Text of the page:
On the evening in question Bader watched the sentry and acted as conductor, Anderson played the oboe and Colonel George Young played the concertina. When the players were silent it meant that the sentry was in a suitable position for the escapers to cross his path without being seen. The escape was successful.

 

italics mine.

 

Jody, the website in my original post very much encourages you to share the images. They even provide mechanisms for linking or copying at different resolutions.

Link to comment
Share on other sites

Thank you Pamela,I am pleased you enjoyed them and have joined me in my hobby.

I have had to reduce the size of the pictures as it has taken up all my available space.

Al

 

Al

 

Well I traveled to this wonderful antique shop that has a room full of old postcards and photos. Needless to say, no concertina themed cards. Actually I did not see any cards that were themed musical. But I will keep looking!

 

Pam

Link to comment
Share on other sites

Thank you Pamela,I am pleased you enjoyed them and have joined me in my hobby.

I have had to reduce the size of the pictures as it has taken up all my available space.

Al

 

Al

 

Well I traveled to this wonderful antique shop that has a room full of old postcards and photos. Needless to say, no concertina themed cards. Actually I did not see any cards that were themed musical. But I will keep looking!

 

Pam

Pamela just keep looking and you will find them.Have a look at the Music Hall ,theatre,bands novelty sections.The post card of Raphael that I have seen but I do not own has only him in the photograph with no concertina.You have more chance of finding him being an American Music Hall favourite than over here where he was unknown.Old theatre programme sellers sometimes feature the old artists.I have just picked up two of the Musical Elliotts.

Very time consuming, but good fun.

Al

Link to comment
Share on other sites

47589904_Chhnn-M.jpg

Not a concertina, perhaps, but strange and wonderful nonetheless.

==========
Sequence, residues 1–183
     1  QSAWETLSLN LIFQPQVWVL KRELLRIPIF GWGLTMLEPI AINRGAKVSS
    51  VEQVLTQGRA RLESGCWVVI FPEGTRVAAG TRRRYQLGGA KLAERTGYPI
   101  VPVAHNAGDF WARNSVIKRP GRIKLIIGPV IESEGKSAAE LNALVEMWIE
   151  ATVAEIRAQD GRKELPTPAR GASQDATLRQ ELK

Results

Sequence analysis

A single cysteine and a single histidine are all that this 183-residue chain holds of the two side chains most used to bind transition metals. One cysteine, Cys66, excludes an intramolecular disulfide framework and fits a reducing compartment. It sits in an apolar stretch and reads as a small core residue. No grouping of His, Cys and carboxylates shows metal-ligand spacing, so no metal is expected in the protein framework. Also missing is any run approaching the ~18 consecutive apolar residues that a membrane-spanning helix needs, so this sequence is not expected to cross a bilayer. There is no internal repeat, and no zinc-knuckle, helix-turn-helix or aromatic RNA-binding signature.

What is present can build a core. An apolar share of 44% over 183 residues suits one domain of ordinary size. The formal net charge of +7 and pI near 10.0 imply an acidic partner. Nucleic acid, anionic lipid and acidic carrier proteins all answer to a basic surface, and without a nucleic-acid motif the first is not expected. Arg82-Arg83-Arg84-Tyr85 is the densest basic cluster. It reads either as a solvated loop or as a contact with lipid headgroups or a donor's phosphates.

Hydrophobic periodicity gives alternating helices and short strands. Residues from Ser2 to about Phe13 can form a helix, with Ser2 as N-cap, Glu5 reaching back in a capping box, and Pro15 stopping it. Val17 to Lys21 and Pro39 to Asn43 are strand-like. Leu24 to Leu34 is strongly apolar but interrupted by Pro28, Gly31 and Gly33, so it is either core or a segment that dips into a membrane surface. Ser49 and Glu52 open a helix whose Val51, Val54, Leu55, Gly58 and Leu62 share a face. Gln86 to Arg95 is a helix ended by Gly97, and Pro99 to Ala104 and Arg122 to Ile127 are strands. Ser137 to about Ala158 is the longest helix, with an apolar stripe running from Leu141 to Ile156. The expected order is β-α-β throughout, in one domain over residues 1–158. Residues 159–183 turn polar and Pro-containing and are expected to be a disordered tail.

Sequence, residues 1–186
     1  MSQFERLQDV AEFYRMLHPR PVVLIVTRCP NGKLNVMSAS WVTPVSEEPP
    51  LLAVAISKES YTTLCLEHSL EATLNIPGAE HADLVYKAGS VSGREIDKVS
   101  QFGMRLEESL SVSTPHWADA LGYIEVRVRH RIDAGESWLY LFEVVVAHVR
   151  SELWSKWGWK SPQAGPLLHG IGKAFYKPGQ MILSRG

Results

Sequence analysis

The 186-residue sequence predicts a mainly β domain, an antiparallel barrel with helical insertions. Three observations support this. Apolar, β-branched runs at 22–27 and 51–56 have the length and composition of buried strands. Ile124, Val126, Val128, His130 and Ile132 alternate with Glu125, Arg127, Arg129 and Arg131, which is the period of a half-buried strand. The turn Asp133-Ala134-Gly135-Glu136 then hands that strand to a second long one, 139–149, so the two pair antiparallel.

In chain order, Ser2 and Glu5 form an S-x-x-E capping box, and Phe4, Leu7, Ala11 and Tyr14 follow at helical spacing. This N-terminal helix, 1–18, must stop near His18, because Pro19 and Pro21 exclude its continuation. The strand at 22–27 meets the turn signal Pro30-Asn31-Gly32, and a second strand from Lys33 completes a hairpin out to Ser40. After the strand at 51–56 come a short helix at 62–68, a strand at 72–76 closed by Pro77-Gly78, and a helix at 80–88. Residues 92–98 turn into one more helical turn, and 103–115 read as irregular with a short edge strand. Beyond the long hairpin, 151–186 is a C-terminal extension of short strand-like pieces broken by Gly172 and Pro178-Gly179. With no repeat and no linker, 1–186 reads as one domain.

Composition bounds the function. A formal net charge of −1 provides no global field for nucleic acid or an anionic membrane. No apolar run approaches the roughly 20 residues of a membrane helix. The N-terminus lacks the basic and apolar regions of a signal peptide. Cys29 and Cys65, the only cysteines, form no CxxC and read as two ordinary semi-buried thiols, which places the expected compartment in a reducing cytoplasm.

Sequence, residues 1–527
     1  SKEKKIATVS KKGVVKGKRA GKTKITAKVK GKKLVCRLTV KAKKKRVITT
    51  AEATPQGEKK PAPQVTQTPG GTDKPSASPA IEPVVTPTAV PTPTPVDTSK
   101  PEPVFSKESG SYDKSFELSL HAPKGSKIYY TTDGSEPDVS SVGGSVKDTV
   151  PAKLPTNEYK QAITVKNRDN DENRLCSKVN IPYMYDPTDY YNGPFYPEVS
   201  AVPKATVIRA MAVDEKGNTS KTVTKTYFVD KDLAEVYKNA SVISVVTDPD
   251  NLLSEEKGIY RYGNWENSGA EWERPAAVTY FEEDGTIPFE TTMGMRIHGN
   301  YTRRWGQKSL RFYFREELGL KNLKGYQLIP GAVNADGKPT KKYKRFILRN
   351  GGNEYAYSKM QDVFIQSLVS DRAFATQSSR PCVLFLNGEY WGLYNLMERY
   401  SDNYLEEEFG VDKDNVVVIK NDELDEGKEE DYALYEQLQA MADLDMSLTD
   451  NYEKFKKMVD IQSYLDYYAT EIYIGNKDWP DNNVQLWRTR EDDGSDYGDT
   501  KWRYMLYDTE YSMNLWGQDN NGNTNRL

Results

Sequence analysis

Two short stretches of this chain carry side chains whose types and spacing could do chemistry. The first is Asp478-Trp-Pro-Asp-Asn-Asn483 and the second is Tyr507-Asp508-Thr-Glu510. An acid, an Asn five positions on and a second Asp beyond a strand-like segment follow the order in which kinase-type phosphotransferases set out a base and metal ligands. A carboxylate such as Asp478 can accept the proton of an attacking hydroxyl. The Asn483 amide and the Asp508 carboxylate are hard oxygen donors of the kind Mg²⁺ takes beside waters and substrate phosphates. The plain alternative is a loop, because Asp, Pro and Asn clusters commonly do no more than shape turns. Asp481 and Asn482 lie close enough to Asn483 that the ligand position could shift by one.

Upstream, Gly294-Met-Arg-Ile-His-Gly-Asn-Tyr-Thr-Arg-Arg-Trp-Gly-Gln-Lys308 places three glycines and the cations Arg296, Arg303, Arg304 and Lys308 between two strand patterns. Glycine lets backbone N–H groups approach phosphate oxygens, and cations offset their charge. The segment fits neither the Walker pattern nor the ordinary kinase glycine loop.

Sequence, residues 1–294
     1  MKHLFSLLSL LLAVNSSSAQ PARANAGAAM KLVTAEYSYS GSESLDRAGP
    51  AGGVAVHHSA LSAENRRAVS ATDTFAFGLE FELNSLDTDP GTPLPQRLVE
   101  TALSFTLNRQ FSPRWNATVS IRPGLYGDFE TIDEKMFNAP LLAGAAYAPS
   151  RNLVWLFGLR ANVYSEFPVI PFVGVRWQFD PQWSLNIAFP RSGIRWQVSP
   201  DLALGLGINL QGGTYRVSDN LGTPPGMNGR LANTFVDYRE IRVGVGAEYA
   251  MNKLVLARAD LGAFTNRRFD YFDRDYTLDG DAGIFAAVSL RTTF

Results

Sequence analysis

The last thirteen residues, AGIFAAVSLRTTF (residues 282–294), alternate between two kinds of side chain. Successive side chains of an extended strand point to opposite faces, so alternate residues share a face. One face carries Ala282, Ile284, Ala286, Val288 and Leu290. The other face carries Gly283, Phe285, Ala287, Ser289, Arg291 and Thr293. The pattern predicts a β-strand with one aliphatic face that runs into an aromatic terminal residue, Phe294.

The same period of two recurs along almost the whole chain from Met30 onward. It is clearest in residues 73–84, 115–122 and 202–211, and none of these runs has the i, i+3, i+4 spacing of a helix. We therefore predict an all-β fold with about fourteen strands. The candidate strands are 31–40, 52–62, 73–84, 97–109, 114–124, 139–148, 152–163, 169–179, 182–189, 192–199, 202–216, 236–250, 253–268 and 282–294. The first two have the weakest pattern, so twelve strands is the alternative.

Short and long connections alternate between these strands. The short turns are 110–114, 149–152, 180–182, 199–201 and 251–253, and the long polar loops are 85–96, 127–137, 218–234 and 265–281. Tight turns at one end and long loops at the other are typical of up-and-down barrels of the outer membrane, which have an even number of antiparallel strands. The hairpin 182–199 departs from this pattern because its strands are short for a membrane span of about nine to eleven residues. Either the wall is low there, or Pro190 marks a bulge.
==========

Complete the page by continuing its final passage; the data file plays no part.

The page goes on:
Probably designed to encourage melodeon owners to dump their instruments in the nearest waterway. :lol:

No, that's what happened after someone dumped their melodeon in the river! :lol:

 

 

This fish (maybe he was a roach or a carp) was swimmintg around under the lily pads when the surface was broken by a shattering of the light and a strange convoluted instrument sank down. He took it between his fins and pulled it apart, sucking many small fry and tadpoles into the air holes ( as the gauze had been removed for greater volume)

 

When he pushed it together out came mangled fishy bits.

 

'Why did you do that?' the mother fishies bubbled at him.

 

Answers on a postcard to Uncle Mike's piscatorial puzzles or on this thread if it's easier. My Answer in next week's issue.

 

 

 

'I fancied fish fries in chips and munchy peers'.

Link to comment
Share on other sites

Join the conversation

You can post now and register later. If you have an account, sign in now to post with your account.

Guest
Reply to this topic...

×   Pasted as rich text.   Paste as plain text instead

  Only 75 emoji are allowed.

×   Your link has been automatically embedded.   Display as a link instead

×   Your previous content has been restored.   Clear editor

×   You cannot paste images directly. Upload or insert images from URL.

 Share

×
×
  • Create New...